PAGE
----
Middle-Earth Fanfiction Awards

Threshing Songs

Author: curiouswombat
Nominator: Clodia
2010 Award Category: Races: Men: Drabbles - Honorable Mention

Story Type: Drabble : Length: True Drabble
Rating: General -- Reason for Rating: N/A
Summary: Written for the Tolkien Weekly challenge 'Threshing'. The Rohirrim's first harvest after the battles of the Ring War, seen from the viewpoint of the women.


Reviewed by: Clodia -- Score: 10

The War of the Ring ended in the Ring’s destruction, Sauron’s downfall and victory for the side of all that is good and right in Middle-earth, as everyone knows; nonetheless, it was a hard war and one with a great many casualties, not least for the valiant Rohirrim. In this poignant drabble, Curiouswombat gives us a glance at the glorious and golden harvest that follows the Ring War, when so many of the men have been killed or maimed that responsibility for managing the fields has fallen almost wholly to the women, from the young girls to their white-haired grandmothers. They come weary to the threshing floor, [Yavanna’s sacred space] (a line I love; how perfectly suitable for Yavanna to appear in this context), since they have had to take over the work of the men in the fields; and into their ancient songs has come a new song mourning their lost husbands and the children who will never now be born. The drabble uses as a reference point the old Scottish waulking songs (and thank you, Curiouswombat, for your translation from Gaelic of a sample song!), a fantastic example of the perfect interweaving of real-world traditions with canon to build up insights into Middle-earth cultures, in this case that of the Rohirrim. This drabble is a lovely look at the solemn side of victory and I enjoyed it greatly. Thank you, Curiouswombat!

Reviewed by: Thundera Tiger -- Score: 6

There's such poetry in this drabble's beginning. ["The threshing floor is Yavanna’s sacred space; that is why women thresh."] It's simple and straight-forward but also profound, and it lays the foundation for the rest of the drabble. The women who are singing are candid folk. They don't have time or inclination to mince words and build flowery elven poetry. They say it as it is, and in so doing, they paint a picture that is both joyful and sorrowful. The joy comes from the bounties of the harvest and the wonder at having so much to do when it comes time to do the threshing. The sorrow comes from being weary, and not just weary in body, though that, too, is certainly addressed. But weary in mind and in spirit because many of the men are not there to fill the hearts and the wombs. A swiftly running little drabble that stays true to its people all the way through.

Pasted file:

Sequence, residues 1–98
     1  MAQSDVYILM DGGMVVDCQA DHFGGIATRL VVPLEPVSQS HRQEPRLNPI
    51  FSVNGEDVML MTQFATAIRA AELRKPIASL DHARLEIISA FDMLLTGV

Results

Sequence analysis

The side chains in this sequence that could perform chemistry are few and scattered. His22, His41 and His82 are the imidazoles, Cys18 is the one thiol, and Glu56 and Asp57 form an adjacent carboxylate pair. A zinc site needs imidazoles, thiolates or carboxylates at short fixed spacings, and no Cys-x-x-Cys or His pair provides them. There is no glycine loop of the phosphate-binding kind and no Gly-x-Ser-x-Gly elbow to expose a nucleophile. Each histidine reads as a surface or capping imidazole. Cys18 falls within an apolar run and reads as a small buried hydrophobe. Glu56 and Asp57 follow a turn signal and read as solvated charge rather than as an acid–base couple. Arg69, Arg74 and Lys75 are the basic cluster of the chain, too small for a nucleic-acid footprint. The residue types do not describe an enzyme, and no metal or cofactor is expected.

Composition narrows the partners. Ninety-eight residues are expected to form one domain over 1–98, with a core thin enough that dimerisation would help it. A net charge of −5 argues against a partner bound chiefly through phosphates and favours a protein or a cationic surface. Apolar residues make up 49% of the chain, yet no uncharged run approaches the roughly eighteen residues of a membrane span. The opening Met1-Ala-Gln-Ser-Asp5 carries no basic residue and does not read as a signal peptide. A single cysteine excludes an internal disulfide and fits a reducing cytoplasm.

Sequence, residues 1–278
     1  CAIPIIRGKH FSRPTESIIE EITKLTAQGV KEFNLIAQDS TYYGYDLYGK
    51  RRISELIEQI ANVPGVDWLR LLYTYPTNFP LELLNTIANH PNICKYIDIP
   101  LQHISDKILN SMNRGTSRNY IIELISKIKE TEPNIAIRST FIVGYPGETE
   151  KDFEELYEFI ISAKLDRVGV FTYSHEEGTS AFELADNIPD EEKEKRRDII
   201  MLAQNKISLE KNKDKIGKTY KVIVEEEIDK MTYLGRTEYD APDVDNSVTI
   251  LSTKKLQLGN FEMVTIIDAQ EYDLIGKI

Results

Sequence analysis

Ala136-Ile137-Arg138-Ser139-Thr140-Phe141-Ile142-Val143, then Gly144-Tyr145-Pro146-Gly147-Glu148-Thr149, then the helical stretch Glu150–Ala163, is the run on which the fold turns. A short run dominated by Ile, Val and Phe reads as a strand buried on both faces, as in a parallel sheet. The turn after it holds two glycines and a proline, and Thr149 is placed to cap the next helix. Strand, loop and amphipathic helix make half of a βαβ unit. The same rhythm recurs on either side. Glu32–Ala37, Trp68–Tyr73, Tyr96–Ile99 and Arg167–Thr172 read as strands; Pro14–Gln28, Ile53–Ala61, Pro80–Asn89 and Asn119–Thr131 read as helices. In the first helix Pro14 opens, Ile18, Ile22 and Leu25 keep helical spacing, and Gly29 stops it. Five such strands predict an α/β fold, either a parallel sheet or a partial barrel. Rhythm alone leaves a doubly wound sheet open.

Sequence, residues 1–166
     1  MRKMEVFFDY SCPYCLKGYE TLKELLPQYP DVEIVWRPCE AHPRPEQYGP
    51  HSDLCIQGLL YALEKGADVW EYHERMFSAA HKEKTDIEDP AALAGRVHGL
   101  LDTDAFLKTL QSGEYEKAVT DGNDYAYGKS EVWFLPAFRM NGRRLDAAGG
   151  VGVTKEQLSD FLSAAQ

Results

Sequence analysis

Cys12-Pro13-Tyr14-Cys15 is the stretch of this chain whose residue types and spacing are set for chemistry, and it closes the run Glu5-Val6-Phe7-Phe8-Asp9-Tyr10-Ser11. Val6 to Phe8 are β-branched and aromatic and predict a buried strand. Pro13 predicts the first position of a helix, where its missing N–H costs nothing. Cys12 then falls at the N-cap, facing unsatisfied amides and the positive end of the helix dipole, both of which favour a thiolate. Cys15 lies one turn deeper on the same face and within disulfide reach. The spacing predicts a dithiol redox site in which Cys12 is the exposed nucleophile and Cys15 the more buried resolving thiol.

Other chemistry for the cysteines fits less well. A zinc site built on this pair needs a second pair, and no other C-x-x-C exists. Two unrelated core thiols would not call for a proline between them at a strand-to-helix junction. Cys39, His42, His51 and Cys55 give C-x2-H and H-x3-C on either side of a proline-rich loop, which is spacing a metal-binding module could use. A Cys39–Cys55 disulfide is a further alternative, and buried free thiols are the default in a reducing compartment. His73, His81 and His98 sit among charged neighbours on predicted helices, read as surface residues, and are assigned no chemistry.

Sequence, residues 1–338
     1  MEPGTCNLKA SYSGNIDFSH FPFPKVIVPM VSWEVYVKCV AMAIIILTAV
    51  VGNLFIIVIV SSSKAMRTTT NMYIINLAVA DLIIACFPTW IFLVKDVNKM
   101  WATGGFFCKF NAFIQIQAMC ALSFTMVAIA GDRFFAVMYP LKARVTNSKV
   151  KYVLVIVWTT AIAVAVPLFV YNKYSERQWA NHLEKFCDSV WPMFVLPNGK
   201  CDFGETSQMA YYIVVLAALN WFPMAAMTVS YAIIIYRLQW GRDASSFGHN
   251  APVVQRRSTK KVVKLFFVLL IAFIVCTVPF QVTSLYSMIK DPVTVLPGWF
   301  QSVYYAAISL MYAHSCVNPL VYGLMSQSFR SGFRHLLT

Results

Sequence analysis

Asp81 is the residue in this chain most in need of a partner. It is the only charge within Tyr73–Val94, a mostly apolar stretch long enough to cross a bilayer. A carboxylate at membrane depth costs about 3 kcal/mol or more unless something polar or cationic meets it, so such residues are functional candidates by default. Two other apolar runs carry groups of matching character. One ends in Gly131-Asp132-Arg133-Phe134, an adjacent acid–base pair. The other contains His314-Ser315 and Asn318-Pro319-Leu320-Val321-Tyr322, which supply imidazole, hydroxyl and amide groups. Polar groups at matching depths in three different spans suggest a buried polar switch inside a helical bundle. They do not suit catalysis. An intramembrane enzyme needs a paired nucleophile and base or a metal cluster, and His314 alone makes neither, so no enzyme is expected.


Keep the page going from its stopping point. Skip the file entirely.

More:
Reviewed by: Virtuella -- Score: 5

This drabble is part of a series which greatly impressed me and I agree with curiouswombat that it is possibly the highlight of the series. The imagery is simple and effective; we see the group of women of all ages labouring over a task that is theirs by right, but to which is now added the burden of doing much of the men's work. Too few came home, too many will be missed, and not only for the strength of their hands. And yet there is a sense of relief and of gratitude. The joy of peacetime and the sorrow of the lasting scars of war are beautifully expressed in this touching ficlet.

Reviewed by: Azalais -- Score: 5

This is expressive, poignant and powerful. Yes, the threshing floor is the women's space; but these women have already done not only their own work but the men's, [bringing the harvest home] with their men gone to the war and, in many cases, not returned. Curiouswombat vividly conjures up the whole range of female experience, in very Tolkienesque language; [from girls, whose bodies had yet to feel the pull of the moon, to women whose bodies were bent, whose hair was white.]. They are grieving for their menfolk, for themselves, for the future children there will now be no-one to sire; and yet, as women have done down the ages, they do the work in front of them because it is there and it needs to be done. This spoke so vividly to me of the practical, brave women of the Riddermark - beautifully done.

Reviewed by: Larner -- Score: 4

A dramatic ficlet, one that makes you stop and think and count the cost of war. CuriousWombat has written a drabble that is well worth reading and savoring and thinking on. And the translation of song she's indicated inspired this drabble is itself a reminder that even victories can be very expensive in the cost of lives and loves lost. I definitely recommend this one to one and all.

Reviewed by: Lindelea -- Score: 2

Word pictures and prose that reads like poetry, a mundane-seeming beginning that slowly leads to a gut-wrenching punch at the end. Well done.